Leg protection* and groin protection (complying with BS EN 3815). HSE strongly recommends Type C leg protection for aerial work, because of the high allround chainsaw cut protection. However, where wearing Type C is impractical (eg because of the higher risk of heat stress associated with it), it may be appropriate to use Type A, where justified by risk assessment.
Protective boots* with good grip and protective guarding at front vamp and instep (complying with BS EN ISO 20345).
Nonsnag outer clothing.The use of highvisibility clothing may also be appropriate.
16 Climbers not using a chainsaw should wear the following:
A safety helmet (HSE strongly recommends a mountaineering style helmet complying with BS EN 12492).
Protective boots* with good grip and ankle support (complying with BS EN ISO 20345).
Nonsnag outer clothing.The use of highvisibility clothing may also be appropriate.
Suitable gloves, appropriate to the task and subject to the operator’s risk assessment.
17 As a minimum, climbers should carry a personal firstaid kit, incorporating a large wound dressing, barrier gloves, plasters and a whistle.
18 Climbers may carry a knife with either a lockable folding blade or a fixed blade held in a protective sheath.
19 Handcleaning materials such as waterless skin cleanser or soap, water and paper towels should be readily available.
20 All new climbing equipment should be sold with evidence of conformity with the relevant BS EN standard, and carry a relevant CE mark. No structural alterations should be made to any item.
21 All items of fallprotection equipment must be used according to the manufacturer’s instructions. Climbing equipment must only be used for its intended purpose.
22 Personal fallprotection systems should be put together by a competent person to ensure that each component and the system is appropriate for the service conditions and is correctly configured and compatible with neighbouring components.
23 Manufacturer’s guidance should be followed when determining the typical lifespan of equipment. If the user is at any point unsure about a component, it should be removed from service and inspected by a competent person.
24 A workpositioning sit harness for tree climbing must have a pelvic attachment point and leg loop straps (to BS EN 813 and BS EN 358). Some models are also fitted with shoulder straps.
* The items marked with an asterisk should bear the chainsaw logo (see AFAG leaflet 301)
25 Workpositioning equipment supports the climber when working in the tree. It is designed to be used only in situations when the fallprotection system is under tension or any potential fall is limited to a short distance.
26 When using workpositioning techniques, do not climb more than 250 mm above your anchor point. Keep the climbing rope taut. Any slack must not exceed 500 mm.
27 Climbers should carry an adjustable lanyard, to provide (when appropriate) a secondary anchor to prevent the risk of pendulum swing. Lanyards are a key part of a treeclimbing system and have many uses, particularly as a supplementary loadbearing anchor point when working in the crown or when changing anchor points.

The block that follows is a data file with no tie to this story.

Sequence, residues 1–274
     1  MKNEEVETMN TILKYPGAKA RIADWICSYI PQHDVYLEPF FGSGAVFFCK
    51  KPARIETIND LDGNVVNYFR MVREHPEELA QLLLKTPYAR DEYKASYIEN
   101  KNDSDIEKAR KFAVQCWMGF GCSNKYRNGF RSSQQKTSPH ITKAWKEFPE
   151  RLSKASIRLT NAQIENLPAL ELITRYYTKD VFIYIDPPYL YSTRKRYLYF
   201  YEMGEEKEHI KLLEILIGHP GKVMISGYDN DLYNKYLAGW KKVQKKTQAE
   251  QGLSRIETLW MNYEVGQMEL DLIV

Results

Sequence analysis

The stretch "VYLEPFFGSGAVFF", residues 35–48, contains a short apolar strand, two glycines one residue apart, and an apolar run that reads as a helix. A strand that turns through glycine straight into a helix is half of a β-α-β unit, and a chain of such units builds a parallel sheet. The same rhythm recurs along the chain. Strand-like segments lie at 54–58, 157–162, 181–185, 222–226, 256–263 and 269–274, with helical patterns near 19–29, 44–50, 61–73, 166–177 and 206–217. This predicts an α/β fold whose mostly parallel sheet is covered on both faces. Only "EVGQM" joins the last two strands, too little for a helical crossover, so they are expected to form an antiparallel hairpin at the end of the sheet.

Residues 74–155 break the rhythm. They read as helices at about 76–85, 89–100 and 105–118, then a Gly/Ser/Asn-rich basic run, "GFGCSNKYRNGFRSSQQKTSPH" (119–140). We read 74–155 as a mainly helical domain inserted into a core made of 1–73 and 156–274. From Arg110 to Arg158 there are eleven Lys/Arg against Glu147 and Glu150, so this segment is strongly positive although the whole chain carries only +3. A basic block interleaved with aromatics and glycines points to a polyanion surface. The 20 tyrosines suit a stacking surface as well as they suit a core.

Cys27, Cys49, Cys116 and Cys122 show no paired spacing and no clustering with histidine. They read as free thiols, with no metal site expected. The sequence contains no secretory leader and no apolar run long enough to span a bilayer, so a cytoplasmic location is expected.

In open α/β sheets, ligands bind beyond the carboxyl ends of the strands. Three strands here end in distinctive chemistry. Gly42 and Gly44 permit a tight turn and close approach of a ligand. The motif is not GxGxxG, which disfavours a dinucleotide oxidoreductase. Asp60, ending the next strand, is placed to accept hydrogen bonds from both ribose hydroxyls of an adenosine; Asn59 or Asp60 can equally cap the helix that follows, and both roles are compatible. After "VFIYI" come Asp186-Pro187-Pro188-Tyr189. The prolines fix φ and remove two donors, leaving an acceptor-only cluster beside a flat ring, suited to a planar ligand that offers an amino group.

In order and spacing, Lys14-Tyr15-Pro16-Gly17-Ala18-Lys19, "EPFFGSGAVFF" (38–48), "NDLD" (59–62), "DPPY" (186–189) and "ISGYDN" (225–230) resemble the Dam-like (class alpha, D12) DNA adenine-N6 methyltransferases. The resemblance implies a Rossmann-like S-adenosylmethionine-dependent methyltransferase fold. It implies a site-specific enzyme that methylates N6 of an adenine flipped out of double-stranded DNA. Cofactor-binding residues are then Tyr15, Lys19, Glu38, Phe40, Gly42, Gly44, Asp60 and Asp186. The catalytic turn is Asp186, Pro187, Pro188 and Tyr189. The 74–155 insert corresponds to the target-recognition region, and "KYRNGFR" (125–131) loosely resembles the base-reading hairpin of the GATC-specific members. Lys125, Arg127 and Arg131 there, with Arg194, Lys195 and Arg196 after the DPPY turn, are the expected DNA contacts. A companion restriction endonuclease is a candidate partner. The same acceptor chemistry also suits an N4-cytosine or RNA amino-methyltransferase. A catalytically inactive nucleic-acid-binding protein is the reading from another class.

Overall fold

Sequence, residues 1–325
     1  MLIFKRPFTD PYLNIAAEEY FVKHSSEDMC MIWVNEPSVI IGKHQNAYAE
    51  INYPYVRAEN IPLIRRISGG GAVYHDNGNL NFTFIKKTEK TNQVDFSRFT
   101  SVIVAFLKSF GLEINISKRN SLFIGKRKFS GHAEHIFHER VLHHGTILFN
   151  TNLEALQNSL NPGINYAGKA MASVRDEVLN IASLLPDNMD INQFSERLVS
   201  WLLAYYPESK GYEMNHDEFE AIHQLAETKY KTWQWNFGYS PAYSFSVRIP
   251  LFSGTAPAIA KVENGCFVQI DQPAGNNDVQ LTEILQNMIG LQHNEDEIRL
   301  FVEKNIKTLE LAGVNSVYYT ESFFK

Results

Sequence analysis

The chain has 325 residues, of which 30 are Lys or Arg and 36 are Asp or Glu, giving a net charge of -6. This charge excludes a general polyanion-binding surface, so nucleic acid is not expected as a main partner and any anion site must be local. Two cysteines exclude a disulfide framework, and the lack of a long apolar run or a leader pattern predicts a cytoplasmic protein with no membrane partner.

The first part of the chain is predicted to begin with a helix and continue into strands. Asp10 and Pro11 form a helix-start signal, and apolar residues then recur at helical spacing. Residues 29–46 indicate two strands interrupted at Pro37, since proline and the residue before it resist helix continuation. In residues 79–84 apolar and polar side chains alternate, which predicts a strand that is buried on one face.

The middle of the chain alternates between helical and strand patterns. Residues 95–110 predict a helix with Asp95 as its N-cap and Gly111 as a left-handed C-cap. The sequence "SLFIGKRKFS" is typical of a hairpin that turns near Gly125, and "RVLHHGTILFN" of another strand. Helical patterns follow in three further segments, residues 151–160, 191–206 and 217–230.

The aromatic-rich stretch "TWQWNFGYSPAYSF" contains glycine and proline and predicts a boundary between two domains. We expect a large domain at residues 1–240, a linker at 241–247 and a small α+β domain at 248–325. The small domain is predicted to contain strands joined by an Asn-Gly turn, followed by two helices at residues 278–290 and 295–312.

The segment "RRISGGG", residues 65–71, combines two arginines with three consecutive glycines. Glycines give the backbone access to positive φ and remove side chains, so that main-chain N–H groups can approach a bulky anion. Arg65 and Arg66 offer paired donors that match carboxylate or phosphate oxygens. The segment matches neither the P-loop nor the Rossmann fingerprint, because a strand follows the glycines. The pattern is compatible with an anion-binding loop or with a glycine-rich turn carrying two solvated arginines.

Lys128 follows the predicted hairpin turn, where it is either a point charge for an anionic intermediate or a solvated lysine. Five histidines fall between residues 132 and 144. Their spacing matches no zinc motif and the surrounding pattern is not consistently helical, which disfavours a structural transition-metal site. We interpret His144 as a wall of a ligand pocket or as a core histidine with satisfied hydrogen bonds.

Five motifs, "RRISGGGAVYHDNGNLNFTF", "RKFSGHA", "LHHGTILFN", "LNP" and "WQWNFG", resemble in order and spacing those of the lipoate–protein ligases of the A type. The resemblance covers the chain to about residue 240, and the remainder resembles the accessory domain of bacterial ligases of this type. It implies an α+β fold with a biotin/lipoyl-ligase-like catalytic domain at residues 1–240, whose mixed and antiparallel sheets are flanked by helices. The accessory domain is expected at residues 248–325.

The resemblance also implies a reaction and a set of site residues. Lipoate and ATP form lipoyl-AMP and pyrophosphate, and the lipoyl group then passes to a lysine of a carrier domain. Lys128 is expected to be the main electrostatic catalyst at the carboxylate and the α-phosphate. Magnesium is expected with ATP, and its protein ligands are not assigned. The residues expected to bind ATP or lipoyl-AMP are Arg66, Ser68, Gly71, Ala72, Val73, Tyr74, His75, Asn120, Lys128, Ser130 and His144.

28 Lanyards should be adjustable to provide sufficient support to the climber.
29 The side attachment points on a harness are designed for support (for example, where the feet are on a branch or other part of the tree) but not suspension. Some harnesses provide forward attachment points suitable for suspension. It is important to consult the manufacturer’s instructions for the harness.
30 The lanyard must not be attached to one side alone.
31 A fallarrest system comprises an anchor point, a fullbody harness, and a method of connection between the anchor point and the harness which incorporates a deceleration device (energy absorber).
32 Fallarrest equipment is not commonly used in aerial tree work but may be appropriate, eg in unusual circumstances if climbers have to work above their anchor point.The extension of an energy absorber and the dangers of striking parts of the tree in a fall as well as the difficulties of achieving ergonomically acceptable work positions must be considered as part of the risk assessment.
33 Select ropes to provide a high margin of safety. Ropes suitable for tree climbing must have a minimum diameter of 10 mm and are not normally larger than 14 mm.When selecting a rope, carefully consider the compatibility of any friction hitches or mechanical devices used.
34 Ensure that rope or cord used for friction hitches is of a suitable type and has a minimum diameter of 8 mm. Consider the fibre type and cord diameter, as this will have a significant impact on heat, abrasion resistance, knottying characteristics and working life.
35 Climbers must ensure that the friction cord selected is compatible with the climbing line. A diameter of 10 mm is recommended for normal commercial use.
36 Friction hitch materials are subject to high levels of wear. They should be inspected regularly, wear rates compared to manufacturer’s guidelines and replaced where significant wear is found.
37 Inspect climbing hitches thoroughly before, after and, if necessary, during each use.